The following essay and original research first appeared in The Globalist.
On Tuesday, more than a dozen Israeli political parties are expected to win seats in the country’s snap parliamentary elections that Prime Minister Benjamin Netanyahu called after his coalition broke up last year.
These parties will vie for a total of 120 proportionally elected seats in the Knesset. Israel’s threshold to win seats has this year been raised to 3.25% of the vote (translating to 3-4 seats).
As a result of this fractious system, no single Israeli party or joint list has ever won a majority (61 seats) in an election.
No clear winners in Israeli elections
In the past five elections, the party or list that ended up forming the coalition won an average of just 30.2 seats out of 120 – i.e., only a quarter of the seats – with 11-14 other lists also winning seats.
To form a government thus requires coalition building among quite a few parties, usually with very different (if not diametrically opposed) policy views. No wonder that, under those circumstances, coalitions do not last very long.
The public has previously shown a desire for a stronger executive mandate. Israel briefly adopted direct elections for Prime Minister in the 1990s. To exclude unserious candidates, only major parties could nominate someone. In each of the three times Prime Ministers were directly elected, only two candidates competed.
This modification unfortunately did not fix the problem because the Prime Minister could win an outright majority of the vote but still lack a majority of legislators to support his cabinet or agenda.
Since then, other than tinkering with the electoral threshold very slightly, Israel has not tried to deal with the leadership and policy instability problem inherent in its system.
Where Athens does provide inspiration
One possible place to seek electoral reform inspiration for Israel might be Greece – the birthplace of democracy and a country with a similar population size – despite its own serious current political challenges.
Similarly to Israel, 250 members of Greece’s parliament are elected through a system that ensures fair geographic representation along with the proportional will of the national electorate, using a 3% threshold.
However, there is one big innovation to clarify the executive mandate. As of the 2008 revisions to Greek election laws, the top-finishing party is given a victory bonus of 50 extra seats – bringing the total to 300 seats in parliament – to help the winner get closer to a governing majority.
This represents a bonus equal to 20% of the proportionally elected seats. (An earlier law gave the winner 40 seats.)
It’s not a perfect setup, of course. A party earning relatively low percentage of the vote share can gain an extra 20% of the seats even if it falls well short of capturing the confidence of a majority of voters and even if another party were to capture just 1% less of the electorate than the winner.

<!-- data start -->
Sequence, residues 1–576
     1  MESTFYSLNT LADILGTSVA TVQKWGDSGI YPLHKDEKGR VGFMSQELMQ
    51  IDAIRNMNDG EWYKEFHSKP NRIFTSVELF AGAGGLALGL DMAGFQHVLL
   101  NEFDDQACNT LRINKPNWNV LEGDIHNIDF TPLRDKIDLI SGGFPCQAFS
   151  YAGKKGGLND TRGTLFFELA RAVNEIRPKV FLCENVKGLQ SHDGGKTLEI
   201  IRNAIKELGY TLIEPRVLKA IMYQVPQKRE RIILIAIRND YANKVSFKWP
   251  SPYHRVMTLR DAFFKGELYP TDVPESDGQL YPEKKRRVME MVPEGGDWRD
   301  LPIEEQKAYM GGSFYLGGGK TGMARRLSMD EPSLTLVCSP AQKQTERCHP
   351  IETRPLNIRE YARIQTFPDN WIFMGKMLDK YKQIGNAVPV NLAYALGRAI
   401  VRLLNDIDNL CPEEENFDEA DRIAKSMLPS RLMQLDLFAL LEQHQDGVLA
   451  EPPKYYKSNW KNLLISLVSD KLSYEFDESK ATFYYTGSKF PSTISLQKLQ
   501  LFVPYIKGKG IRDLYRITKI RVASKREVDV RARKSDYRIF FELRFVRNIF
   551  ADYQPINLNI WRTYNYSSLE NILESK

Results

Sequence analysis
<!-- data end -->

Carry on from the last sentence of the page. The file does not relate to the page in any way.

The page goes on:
However, it substantially boosts the chances of quickly forming a government and allowing that government to push through its major agenda items, rather than floundering along with the status quo due to internal gridlock.
Meanwhile, it still allows for diverse, multi-party elections — but constructively counteracts the growth of fringe, single-issue, or personality-centric parties that take up seats or weaken serious parties without actually contributing to the government or the opposition in any substantive way.
Israel’s political system, even more so than Greece, would benefit from being cleared of such parties. Politicians would have more incentive to remain inside a major party, rather than splintering, as often happens.
Applying Athens in Jerusalem
If a comparable bonus were applied in Israel, it could mean 120 seats would be elected proportionally with 24 additional seats awarded to the winning list. (The Knesset would expand to 144 members in this scenario, and 73 seats would be a majority.)
Based on the average data from the past 5 legislative elections to the Knesset, the winning party would hold about 54 seats, instead of 30, if a 24-seat bonus were awarded.
This would still leave the leading party in search of at least about 19 more seats for a majority, ensuring that multiple views and parties would continue to be represented in any Israeli coalition – just as they are in Greece, even with the victory bonus system.
If the system were actually implemented, it is also likely that some of the smaller parties would fade or merge permanently into major parties to help the chances of capturing a bonus.
That in turn would make two-party coalitions feasible. Without a victory bonus, an ideologically coherent coalition might require the support of 5 lists representing ten parties to reach a bare majority.
Israel’s current political system favors the constant production of stalemates that are unsustainable, for both economic and foreign policy. Adding the Greek victory bonus system might be the consolidating jolt the system needs.